Who’s To Blame?

As He went along, He saw a man blind from birth.  His disciples asked him,  “Rabbi, who sinned, this man or his parents, that he was born blind?”  John 9:1, 2.

Jesus must have been amused by the disciples’ assumption about how this man could have sinned before he was born to be punished with blindness.  I’m missing something here, I know, because the context of John’s teaching wouldn’t be stated in such a way as to indicate a cultural understanding.  It could have been a general consensus that God punished people for the sin He knew they were about to commit in their lifetimes, or it could have been assumed the parents were to blame.  In any case, the disciples thought they were being spiritually wise in asking such a question, obviously, or they wouldn’t have posed it to Him in the first place.

As usual, Jesus’ answer complete baffles us in its profound simplicity.

“Neither this man nor his parents sinned,”  said Jesus,  “but this happened so that the work of God might be displayed in his life.”


So this  guy was born blind just so God could display His own power?  That sounds heartless…create the problem so He can be the “solution” to it.  I mean wouldn’t it make you angry to be used this way?  And does this mean every sick, damaged or underprivileged person is an excuse for God to work in their lives?

Well, at least Jesus answered the question of guilt in a way.  We know it wasn’t any specific sin which caused the man’s blindness, so what caused it then?

Sin.  Not the activity of a person but the condition of the human race separated from their sustaining force, God.  We unplugged ourselves from our power source and paid the price of death, bringing all the different ways a body can die along with it.  As I’ve said before, God is the master chess player and uses all the circumstances to win the day.  This man was born underprivileged, outcast and considered unclean because of his condition—even if his parents were rich and affluent.  God saw his condition long before they happened and determined to use his situation to win the day.

Curing blindness brought on by life was one thing in the Jews’ thinking; curing a birth related condition turned their religious conclusions on their proverbial ears.  Jesus took the source of their “truth” and showed nothing was beyond redemption, no one beyond God’s mighty hand to rescue.  In the views of the day, a man or woman born blind were cursed by God and not allowed in the temple.  The reason for this stems from their misunderstanding of clean and unclean per the law.  The law forbids anyone who is lame from entering the temple proper, though they could be in the outer courts because they are unclean.   (See Leviticus 21:16-24.)  Plus, if we read Exodus 20 where God gives the 10 commandments, we see not far down the list a curse on anyone who disrespects their parents and another one on those who takes the name of God in vain (not as just a cuss word but misrepresents God’s name by wearing it falsely) to the third and fourth generations.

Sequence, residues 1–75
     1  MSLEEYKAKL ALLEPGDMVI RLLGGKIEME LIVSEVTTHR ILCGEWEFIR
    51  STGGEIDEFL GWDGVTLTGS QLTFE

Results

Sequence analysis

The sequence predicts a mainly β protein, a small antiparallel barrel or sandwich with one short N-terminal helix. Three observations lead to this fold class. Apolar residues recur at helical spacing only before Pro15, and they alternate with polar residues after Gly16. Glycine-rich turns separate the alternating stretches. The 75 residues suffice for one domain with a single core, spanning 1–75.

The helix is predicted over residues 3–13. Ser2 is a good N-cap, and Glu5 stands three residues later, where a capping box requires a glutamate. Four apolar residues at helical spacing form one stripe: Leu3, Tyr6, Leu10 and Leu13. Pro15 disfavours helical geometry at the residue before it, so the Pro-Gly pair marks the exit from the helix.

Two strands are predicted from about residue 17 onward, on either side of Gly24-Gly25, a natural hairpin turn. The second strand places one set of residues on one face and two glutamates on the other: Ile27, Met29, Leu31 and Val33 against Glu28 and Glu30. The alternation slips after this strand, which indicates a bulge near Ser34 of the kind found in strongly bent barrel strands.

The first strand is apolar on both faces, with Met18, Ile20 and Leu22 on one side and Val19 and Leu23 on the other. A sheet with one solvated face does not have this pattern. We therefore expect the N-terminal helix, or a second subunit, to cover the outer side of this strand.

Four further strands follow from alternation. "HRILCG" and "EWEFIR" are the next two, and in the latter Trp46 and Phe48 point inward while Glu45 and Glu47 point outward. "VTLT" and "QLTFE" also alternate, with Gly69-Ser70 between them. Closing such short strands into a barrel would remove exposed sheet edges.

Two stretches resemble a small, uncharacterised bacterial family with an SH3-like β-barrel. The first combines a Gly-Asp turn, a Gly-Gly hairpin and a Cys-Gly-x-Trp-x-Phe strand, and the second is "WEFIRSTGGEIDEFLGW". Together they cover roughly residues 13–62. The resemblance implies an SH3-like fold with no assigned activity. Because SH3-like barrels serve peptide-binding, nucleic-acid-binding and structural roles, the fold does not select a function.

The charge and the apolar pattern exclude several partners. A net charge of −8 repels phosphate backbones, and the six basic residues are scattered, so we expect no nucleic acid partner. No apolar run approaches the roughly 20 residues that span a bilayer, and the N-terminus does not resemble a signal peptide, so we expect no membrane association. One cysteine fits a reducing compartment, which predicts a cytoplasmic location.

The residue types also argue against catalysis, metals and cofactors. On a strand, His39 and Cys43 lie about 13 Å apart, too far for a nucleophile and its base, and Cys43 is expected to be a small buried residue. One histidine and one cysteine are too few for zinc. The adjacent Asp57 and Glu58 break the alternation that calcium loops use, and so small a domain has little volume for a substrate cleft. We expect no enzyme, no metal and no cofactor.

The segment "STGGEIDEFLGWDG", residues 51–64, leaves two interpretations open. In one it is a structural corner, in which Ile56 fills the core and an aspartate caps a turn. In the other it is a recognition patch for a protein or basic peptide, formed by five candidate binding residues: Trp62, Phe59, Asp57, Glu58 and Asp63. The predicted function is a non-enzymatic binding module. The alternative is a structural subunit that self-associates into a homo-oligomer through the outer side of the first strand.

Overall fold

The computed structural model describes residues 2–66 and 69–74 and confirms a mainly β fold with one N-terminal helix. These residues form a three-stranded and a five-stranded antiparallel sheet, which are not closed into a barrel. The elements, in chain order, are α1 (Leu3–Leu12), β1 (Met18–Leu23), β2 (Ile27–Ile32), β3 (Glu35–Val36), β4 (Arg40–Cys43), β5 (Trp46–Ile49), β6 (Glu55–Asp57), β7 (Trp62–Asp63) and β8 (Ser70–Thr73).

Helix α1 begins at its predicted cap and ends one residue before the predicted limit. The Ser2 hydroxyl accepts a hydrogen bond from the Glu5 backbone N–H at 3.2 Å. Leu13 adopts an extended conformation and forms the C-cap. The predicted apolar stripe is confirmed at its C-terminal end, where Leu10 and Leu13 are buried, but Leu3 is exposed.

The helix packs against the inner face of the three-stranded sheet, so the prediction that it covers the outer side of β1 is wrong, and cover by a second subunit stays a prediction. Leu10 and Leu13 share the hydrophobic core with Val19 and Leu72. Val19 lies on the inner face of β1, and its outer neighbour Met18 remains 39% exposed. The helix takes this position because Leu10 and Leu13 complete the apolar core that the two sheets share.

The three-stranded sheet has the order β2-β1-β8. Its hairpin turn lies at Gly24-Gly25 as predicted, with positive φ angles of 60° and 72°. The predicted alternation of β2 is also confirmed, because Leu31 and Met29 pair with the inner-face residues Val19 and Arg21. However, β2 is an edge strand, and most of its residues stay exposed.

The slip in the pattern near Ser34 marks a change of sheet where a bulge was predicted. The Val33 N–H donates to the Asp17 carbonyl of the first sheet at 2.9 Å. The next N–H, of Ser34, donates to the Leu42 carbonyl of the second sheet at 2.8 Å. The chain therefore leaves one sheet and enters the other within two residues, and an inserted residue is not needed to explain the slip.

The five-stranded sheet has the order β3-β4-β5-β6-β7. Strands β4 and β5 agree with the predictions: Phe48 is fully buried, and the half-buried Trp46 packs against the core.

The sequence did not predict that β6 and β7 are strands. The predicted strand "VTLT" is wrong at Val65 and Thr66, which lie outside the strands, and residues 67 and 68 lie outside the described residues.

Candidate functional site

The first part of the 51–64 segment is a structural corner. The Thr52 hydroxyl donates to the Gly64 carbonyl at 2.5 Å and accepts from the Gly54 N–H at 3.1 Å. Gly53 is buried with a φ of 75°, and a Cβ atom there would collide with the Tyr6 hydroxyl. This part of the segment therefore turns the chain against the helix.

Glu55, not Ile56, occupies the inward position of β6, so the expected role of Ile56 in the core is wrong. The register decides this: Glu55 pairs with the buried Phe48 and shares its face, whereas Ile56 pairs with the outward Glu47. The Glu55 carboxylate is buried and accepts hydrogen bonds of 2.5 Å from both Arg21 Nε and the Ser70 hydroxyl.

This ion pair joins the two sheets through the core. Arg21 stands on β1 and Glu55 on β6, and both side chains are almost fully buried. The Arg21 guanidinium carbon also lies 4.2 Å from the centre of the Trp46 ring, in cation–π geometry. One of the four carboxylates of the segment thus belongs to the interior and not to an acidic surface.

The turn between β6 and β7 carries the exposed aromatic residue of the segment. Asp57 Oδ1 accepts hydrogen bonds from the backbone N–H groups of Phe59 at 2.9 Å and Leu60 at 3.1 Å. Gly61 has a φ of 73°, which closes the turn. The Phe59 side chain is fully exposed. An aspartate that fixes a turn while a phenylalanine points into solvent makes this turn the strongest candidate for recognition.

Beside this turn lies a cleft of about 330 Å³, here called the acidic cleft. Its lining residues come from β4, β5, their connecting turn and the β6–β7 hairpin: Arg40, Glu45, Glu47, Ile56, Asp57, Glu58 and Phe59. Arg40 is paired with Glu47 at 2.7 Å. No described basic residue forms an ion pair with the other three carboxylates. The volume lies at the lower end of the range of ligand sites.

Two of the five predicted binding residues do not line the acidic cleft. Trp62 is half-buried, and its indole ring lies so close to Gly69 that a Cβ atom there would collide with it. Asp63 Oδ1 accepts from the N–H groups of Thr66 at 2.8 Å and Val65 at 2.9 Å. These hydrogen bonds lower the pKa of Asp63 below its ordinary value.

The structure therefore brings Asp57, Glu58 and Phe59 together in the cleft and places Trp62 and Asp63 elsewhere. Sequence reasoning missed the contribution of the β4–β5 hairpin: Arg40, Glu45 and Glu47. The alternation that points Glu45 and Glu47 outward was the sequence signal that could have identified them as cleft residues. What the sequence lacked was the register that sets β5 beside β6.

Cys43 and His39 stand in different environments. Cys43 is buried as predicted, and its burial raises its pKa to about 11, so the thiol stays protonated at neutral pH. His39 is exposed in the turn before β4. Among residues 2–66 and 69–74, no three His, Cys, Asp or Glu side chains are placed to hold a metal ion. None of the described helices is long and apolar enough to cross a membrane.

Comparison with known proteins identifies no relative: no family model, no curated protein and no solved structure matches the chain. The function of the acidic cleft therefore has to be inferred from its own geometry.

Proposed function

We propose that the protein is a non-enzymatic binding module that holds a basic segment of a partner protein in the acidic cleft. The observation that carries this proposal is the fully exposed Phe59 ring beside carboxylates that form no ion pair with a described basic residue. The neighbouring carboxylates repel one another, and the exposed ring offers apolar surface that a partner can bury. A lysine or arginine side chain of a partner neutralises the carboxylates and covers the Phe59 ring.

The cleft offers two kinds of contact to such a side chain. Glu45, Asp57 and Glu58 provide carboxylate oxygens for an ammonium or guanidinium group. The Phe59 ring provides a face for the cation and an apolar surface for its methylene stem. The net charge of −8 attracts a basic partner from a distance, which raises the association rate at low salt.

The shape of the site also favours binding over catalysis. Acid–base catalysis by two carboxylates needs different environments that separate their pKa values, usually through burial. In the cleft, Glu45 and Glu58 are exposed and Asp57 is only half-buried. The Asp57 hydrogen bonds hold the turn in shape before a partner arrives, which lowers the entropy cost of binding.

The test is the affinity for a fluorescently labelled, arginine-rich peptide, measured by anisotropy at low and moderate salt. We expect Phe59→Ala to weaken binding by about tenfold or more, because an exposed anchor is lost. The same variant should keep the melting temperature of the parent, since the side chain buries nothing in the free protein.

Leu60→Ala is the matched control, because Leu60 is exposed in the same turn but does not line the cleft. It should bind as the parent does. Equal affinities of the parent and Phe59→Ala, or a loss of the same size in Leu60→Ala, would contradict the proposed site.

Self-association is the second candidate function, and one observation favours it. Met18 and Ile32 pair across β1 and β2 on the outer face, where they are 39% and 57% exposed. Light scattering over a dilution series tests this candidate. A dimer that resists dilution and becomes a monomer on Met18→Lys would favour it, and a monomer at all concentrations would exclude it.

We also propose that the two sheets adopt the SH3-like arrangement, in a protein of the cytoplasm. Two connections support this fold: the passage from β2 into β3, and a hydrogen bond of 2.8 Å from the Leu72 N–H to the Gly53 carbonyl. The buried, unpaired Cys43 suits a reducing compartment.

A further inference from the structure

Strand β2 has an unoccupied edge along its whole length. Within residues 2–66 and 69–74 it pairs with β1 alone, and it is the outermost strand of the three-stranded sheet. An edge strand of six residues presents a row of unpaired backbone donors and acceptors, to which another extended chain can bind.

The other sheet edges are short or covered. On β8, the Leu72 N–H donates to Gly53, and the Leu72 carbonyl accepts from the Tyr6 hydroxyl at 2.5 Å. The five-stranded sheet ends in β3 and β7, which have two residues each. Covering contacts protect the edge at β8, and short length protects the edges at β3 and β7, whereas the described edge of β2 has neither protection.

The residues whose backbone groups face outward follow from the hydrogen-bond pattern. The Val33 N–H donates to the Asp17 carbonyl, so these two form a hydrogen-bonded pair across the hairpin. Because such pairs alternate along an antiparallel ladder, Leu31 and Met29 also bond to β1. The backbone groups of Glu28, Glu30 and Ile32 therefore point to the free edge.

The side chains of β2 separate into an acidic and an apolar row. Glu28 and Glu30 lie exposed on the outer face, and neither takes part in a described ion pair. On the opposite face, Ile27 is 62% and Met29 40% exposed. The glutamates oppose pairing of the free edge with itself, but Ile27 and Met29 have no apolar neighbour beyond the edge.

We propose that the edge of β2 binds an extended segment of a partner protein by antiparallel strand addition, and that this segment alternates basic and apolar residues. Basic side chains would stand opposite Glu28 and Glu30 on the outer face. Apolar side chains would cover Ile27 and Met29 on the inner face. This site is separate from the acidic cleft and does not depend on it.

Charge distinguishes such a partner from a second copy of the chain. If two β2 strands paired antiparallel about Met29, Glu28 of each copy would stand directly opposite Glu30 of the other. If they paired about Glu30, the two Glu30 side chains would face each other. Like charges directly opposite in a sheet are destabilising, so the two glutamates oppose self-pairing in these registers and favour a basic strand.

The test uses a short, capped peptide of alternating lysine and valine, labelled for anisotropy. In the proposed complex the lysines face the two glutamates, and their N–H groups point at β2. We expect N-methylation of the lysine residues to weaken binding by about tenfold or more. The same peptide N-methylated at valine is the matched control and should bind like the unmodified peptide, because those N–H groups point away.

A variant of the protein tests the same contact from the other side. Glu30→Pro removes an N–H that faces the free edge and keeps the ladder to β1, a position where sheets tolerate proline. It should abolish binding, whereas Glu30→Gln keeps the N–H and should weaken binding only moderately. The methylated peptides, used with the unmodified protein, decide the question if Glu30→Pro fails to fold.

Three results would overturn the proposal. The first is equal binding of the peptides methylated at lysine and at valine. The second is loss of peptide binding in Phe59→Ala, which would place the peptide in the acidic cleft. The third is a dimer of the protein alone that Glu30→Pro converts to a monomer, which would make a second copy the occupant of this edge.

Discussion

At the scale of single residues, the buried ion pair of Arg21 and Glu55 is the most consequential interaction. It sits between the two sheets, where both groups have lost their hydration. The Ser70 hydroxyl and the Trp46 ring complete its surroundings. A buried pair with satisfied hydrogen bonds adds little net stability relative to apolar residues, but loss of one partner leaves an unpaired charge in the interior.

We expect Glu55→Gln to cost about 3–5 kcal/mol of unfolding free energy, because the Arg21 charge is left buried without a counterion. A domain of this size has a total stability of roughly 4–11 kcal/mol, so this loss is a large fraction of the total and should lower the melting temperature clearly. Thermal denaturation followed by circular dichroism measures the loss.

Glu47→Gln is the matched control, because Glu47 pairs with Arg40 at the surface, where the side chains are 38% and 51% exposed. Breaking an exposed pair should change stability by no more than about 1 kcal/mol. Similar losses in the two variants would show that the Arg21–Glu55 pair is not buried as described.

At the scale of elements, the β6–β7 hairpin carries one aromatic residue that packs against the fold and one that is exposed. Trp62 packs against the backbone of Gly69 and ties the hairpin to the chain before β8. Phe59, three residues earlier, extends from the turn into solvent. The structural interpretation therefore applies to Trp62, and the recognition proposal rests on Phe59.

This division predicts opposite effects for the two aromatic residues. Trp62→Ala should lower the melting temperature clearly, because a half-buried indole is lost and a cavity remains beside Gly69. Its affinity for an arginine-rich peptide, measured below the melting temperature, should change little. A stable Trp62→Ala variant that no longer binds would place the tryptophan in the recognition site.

I need to pause here in order to troubleshoot something I believe is a misunderstanding on this subject of cursing.

Paul claims that Jesus became a curse for us (Galatians 3:13) so that we might be the righteousness of God.  Some people in the church of Christ believe, however, that generational curses take certain rituals in order to deliver a person from bondage.  If Christ became a curse for us, we don’t need any other formula.  I believe there are children who have been hurt by the sins of the parents as well as bondage to evil spirits, sickness and the like, but accepting Christ takes away the curse immediately.  The only thing that remains is submitting our lives and understandings to Him.  Going through big exorcisms and pronouncing Christian incantations are Satan’s way of combining mythic magic with Christian truth.

Those who get sidetracked by rituals have missed the point of the cross.  The cross, and Jesus’ subsequent resurrection, delivered us from the rituals of the law as well as that of the world’s various methods and placed all solutions for sin in one place and act.  Say, for instance, I find out my ancestors were into witchcraft, do I search my life to look for curses or turn to the Lord and reject my heritage?  Repentance is an easy thing, deliverance from certain sins might, however, take a lifetime of fasting and prayer.  Jesus told the disciples after the night on the Mount where He met Moses and Elijah that some people cannot be freed except by fasting and prayer…as in the case of the demon possessed boy they couldn’t cure (see Matthew 17, Luke 9).  But these interventions don’t take incantations or special rituals, instead it means time with God so that He supplants that which occupied that space with Himself.

Deliverance isn’t an issue of saying the right words as in magic formulas or powerful spells but surrendering those places we’ve held onto sin for such a long time to God.  Where the presence of God is sin can’t live and visa versa.  One replaces the other.  The curse of sin is death, the remedy is Christ who is our life.

 Jesus moves to touch the man no rabbi would for fear of becoming unclean by association.  Then He does something odd.


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